According to the album's liner notes, "No Time or Space" was recorded "in California in November 1968 with the assistance of Bernie Krause".[4] The information for "Under the Mersey Wall" reads: "Recorded at Esher in Merrie England; with the assistance of Rupert and Jostick The Siamese Twins – February 1969."[4] Krause later said that "No Time or Space" (UK LP side two, US LP side one) was essentially a recording of him demonstrating the Moog III to Harrison. Krause also claimed that the demonstration was recorded and released without his knowledge or consent. Krause's name was originally credited on the front cover under Harrison's credit, but it was painted over at Krause's insistence.[5] The words "Assisted by Bernie Krause" can nevertheless still be read under the silver ink on original LP pressings. Portions of white noise from "No Time or Space" are used throughout "I Remember Jeep", a track on Harrison's 1970 triple album, All Things Must Pass.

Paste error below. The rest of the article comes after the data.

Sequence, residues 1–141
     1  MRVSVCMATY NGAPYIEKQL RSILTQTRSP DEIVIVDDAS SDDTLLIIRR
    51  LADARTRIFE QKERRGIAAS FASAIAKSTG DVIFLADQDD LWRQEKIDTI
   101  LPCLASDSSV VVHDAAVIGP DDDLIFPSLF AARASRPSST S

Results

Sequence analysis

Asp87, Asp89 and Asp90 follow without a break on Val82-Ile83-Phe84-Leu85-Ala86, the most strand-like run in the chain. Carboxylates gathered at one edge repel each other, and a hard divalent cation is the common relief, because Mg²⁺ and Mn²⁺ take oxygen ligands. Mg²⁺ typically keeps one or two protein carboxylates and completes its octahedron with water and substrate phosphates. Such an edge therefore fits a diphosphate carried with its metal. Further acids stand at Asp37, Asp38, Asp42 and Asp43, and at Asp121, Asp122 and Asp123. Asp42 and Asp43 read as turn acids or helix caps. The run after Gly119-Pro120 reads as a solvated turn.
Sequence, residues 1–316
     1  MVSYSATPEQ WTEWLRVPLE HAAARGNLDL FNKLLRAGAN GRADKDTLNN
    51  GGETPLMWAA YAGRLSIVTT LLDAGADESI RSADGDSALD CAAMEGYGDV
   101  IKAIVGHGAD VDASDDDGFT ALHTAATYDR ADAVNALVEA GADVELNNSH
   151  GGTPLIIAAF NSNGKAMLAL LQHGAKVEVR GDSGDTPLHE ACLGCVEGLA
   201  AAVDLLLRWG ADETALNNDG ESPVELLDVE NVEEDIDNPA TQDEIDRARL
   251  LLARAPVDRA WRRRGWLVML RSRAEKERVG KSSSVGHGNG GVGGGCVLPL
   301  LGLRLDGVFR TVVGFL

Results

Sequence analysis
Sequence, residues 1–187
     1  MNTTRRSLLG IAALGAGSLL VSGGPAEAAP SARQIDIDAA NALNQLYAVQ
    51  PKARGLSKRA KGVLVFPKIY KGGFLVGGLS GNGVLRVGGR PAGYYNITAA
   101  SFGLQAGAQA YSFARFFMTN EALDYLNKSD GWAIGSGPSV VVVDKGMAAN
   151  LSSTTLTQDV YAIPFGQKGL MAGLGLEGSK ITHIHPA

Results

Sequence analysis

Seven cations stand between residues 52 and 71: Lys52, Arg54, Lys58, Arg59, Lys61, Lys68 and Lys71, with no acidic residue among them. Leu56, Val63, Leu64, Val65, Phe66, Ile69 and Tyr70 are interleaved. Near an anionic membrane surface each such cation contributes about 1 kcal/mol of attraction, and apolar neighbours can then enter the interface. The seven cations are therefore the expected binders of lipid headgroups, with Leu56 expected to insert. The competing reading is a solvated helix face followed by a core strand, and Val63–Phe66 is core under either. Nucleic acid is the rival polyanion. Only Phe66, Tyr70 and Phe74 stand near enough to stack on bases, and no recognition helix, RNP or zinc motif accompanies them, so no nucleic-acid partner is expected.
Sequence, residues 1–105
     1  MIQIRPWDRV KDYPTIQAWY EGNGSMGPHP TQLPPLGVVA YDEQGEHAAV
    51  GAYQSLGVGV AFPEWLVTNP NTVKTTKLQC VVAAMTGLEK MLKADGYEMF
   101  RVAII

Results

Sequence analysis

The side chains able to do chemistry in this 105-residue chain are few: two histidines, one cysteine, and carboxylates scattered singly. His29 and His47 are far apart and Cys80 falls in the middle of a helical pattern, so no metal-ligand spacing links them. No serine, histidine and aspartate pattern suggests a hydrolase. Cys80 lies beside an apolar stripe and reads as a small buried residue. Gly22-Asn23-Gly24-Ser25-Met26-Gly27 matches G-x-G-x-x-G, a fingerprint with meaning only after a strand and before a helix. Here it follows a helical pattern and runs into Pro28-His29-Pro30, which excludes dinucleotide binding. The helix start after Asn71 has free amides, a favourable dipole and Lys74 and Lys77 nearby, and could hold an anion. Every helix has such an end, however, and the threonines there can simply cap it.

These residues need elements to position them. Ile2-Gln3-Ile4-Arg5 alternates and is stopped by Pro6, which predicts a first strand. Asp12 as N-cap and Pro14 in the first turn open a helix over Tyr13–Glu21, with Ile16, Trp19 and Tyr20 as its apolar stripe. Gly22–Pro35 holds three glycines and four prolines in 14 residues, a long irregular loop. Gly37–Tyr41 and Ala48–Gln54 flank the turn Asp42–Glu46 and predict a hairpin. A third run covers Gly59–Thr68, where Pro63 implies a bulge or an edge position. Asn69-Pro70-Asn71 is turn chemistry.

The cover of Electronic Sound was painted by Harrison himself. The inside sleeve included a quotation attributed to Arthur Wax: "There are a lot of people around, making a lot of noise; here's some more."[6]

Original US LP label for side two of Electronic Sound. (Note the 18-minute timing of this track, which indicates that it is actually the recording that Harrison intended for side one.)